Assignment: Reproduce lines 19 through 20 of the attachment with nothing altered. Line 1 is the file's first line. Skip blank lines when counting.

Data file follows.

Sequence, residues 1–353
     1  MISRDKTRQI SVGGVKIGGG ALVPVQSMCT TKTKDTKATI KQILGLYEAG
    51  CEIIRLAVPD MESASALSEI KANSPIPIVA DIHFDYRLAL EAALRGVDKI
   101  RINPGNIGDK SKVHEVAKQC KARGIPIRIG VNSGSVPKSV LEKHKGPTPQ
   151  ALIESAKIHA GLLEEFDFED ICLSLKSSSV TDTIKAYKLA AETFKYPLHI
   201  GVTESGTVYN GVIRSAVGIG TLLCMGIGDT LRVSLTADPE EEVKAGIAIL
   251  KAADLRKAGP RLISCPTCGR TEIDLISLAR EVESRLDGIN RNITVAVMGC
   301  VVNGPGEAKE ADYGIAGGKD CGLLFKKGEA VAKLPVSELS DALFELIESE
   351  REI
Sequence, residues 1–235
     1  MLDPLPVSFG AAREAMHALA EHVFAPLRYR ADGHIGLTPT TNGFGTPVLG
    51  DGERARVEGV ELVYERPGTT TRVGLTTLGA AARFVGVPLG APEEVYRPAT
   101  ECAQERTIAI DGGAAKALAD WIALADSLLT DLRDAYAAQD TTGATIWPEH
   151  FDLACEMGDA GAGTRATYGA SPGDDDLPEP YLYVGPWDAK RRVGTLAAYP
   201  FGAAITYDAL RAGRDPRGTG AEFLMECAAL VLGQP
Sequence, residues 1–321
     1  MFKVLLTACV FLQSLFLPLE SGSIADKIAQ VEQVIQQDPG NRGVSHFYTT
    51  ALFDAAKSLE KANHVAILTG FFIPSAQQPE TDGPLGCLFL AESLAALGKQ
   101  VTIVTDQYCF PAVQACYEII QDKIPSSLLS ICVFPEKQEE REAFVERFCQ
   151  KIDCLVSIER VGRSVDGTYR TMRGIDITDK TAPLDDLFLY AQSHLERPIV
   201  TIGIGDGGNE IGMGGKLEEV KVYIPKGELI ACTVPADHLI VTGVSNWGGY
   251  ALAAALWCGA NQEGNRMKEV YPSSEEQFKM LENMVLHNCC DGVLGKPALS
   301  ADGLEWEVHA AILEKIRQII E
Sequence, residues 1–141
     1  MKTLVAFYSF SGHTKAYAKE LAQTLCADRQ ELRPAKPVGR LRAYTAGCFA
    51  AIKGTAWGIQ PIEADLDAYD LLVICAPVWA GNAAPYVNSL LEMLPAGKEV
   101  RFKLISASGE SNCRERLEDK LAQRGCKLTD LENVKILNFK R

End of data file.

   101  VTIVTDQYCF PAVQACYEII QDKIPSSLLS ICVFPEKQEE REAFVERFCQ
   151  KIDCLVSIER VGRSVDGTYR TMRGIDITDK TAPLDDLFLY AQSHLERPIV